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  • The National Poisons Centre (NPC) is New Zealand’s only poison and hazardous chemicals information centre. It is located in the Dunedin School of Medicine at the University of Otago and is funded by the Ministry of Health and the Accident Compensation Commission. The NPC answers around 30,000 telephone enquires each year on its 24-hour 7-day toll-free emergency telephone service.

    The role of the National Poisons Centre

    The main role of the NPC is to provide advice to members of the public and healthcare professionals about acute poisoning situations. These poisonings can involve medicines, chemicals, poisonous creatures (such as spiders and jellyfish), plants and fungi.

    The NPC gives advice on what to do in situations of poisoning or where poisoning might occur, for example:

    • if someone has swallowed, inhaled or injected a substance
    • if someone has got a substance in their eye(s) or on their skin
    • if someone has been bitten or stung by a poisonous creature
    • advice on preventing poisonings in the home
    • general first aid advice for poisonings.

    The NPC also:

    • maintains an internet database on chemicals, medicines, plants and animals
    • provides prevention information packs for parents, schools and other organisations
    • monitors poisoning statistics to identify targeted prevention strategies.

    Hints and tips for calling the NPC

    First of all, remain calm! Not all medicines and household chemicals are considered poisonous or cause symptoms. If the person is unconscious or has difficulty breathing, ring 111 and request an ambulance. In all other poisoning situations, call the NPC on 0800 POISON. Remember to bring the product container to the phone so you can provide information about the substance when asked.

    A Poison Information Officer will answer your call. These officers are specialists who have a variety of health-related degrees in pharmacology, toxicology, neuroscience, nursing or pharmacy. They have also undertaken intensive training in the specific management of poisoning. Poison Information Officers are supported by medical toxicologists who provide 24-hour consultation in complex poisoning cases.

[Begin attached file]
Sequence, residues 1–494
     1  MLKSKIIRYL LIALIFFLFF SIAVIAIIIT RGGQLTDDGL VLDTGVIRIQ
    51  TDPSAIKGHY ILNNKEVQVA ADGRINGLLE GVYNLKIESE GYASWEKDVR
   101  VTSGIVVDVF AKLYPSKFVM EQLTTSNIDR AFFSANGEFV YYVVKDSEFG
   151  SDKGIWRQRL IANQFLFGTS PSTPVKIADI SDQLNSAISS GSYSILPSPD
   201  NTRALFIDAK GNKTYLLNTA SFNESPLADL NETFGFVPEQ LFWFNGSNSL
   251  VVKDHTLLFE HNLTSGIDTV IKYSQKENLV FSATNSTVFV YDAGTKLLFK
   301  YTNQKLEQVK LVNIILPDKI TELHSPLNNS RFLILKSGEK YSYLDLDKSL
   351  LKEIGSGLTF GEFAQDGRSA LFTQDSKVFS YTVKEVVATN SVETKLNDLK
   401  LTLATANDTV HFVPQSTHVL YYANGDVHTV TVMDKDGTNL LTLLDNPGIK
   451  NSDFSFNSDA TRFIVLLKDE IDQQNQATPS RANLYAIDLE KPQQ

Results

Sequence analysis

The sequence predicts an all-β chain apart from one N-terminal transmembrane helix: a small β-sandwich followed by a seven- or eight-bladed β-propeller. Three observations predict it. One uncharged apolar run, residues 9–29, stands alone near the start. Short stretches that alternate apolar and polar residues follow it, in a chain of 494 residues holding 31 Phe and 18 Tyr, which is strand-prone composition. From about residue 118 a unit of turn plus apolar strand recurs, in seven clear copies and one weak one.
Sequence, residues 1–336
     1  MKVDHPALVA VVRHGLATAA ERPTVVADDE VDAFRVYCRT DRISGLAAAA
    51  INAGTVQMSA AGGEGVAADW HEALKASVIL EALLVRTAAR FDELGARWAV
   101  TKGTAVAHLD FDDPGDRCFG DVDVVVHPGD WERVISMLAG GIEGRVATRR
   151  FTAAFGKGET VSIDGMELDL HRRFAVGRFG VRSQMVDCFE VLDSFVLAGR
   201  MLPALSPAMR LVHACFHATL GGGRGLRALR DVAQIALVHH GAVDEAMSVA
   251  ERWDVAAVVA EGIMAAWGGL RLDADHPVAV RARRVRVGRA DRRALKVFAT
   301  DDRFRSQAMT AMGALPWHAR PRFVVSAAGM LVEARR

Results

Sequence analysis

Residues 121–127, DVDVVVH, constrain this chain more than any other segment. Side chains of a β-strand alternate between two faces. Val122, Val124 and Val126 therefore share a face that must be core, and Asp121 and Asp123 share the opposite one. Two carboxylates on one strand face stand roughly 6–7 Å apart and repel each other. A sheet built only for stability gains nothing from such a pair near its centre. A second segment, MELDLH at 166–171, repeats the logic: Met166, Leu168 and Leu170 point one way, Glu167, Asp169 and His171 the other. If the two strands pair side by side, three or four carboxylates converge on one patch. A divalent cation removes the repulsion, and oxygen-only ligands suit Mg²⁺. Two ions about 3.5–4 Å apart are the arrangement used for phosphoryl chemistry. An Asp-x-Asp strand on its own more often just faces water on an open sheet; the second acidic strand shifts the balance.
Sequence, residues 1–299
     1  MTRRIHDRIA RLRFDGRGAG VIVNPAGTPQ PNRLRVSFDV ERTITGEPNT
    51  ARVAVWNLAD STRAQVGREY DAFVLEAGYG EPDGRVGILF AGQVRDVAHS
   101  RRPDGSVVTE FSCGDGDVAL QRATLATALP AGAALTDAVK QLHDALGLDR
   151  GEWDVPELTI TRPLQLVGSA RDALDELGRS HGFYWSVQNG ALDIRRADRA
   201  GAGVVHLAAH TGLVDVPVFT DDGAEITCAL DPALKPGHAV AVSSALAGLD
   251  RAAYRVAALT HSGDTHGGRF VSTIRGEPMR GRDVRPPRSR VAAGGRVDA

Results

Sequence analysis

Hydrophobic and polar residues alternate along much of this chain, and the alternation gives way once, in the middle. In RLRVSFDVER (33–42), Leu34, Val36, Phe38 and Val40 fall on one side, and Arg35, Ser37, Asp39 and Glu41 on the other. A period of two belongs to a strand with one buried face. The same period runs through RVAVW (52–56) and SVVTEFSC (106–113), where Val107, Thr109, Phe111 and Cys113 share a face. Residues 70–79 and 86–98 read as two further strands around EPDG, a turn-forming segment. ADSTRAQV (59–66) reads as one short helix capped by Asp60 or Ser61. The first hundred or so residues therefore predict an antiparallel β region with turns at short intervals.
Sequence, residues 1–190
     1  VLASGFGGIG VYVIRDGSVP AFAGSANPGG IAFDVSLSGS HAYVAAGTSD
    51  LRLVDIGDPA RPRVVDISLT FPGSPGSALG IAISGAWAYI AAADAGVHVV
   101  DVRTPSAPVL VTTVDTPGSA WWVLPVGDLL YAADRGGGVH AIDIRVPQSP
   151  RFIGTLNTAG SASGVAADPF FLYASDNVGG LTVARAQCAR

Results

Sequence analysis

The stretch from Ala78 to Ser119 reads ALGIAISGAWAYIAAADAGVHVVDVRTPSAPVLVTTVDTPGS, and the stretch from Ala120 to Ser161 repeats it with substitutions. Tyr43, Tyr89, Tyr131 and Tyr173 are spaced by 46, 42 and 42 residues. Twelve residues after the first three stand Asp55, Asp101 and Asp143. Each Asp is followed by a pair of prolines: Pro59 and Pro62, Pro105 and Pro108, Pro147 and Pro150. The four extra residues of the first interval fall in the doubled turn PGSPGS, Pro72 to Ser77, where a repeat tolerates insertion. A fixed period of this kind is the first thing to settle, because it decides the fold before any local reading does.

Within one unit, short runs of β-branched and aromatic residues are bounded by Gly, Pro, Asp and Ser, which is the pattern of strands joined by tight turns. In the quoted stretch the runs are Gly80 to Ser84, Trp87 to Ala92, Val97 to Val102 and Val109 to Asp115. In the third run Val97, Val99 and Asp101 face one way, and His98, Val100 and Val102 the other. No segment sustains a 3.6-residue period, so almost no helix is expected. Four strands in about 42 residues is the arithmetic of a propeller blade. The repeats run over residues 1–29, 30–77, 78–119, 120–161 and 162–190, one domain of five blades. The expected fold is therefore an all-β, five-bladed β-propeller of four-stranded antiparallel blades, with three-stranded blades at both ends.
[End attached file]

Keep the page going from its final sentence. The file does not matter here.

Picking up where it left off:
The Poison Information Officer will ask you some questions before they give you advice. These questions might include:

    • whether there has been an exposure to poison, and if so, whether the poison was swallowed or splashed in the eye or on the skin
    • when the exposure happened
    • the name and concentration of the substance involved, if known (from the container label)
    • the amount of substance involved (for example, a mouthful, the number of tablets swallowed or even the approximate amount left in the bottle)
    • the age and weight of the patient
    • any signs or symptoms that the patient shows
    • how the patient feels
    • any first aid that has already been carried out.

    Don’t be afraid to mention anything you think may be important, such as existing health conditions or problems or any other relevant factors, such as if you live in a remote location not close to medical care.

    Once they have this information, the Poisons Information Officer will give you advice as to what kind of first aid is needed and whether or not the patient needs to see a doctor. The Poison Information Officer will also ask for your name, address and phone number in case they need to contact you with any further information.

    Related content

    Learn about poisonous plants and animals in New Zealand and some of the bacteria that cause food poisoning.

    TOXINZ is the National Poisons Centre’s database of toxic compounds. Find out about the life-saving resource in this Kiwi Innovation Network Limited video.

    In What’s poisonous?, students learn about toxins and poisons and research what’s poisonous in New Zealand.

    Useful link

    Find out more about the National Poisons Centre.

    The phone number for the New Zealand National Poisons Centre is 0800 POISON (0500 764 766).

      Published 4 September 2012 Referencing Hub articles
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